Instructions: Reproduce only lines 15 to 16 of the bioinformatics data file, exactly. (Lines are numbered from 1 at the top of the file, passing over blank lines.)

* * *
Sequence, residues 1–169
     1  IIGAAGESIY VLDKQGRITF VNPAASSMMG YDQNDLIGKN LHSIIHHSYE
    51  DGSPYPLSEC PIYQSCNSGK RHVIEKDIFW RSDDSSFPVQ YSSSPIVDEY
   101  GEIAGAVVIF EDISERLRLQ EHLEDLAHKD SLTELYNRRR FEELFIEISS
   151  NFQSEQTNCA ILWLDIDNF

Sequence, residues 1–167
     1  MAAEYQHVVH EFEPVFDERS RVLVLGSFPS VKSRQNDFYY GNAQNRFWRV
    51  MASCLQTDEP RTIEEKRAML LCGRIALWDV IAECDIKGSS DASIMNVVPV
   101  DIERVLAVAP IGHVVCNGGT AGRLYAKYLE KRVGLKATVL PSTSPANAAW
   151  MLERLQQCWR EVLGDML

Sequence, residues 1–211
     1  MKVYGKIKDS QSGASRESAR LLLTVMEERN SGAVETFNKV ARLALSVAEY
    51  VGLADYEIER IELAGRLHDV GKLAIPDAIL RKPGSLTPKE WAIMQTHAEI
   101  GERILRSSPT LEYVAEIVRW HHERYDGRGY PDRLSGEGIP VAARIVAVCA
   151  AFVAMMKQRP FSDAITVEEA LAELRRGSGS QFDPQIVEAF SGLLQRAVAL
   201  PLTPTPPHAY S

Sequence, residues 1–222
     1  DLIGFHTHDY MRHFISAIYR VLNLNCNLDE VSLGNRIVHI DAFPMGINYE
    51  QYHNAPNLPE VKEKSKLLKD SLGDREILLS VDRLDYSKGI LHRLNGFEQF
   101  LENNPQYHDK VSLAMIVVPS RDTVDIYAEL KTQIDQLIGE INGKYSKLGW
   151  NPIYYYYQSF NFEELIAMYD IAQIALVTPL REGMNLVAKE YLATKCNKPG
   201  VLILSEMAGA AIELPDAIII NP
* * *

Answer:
   151  AFVAMMKQRP FSDAITVEEA LAELRRGSGS QFDPQIVEAF SGLLQRAVAL
   201  PLTPTPPHAY S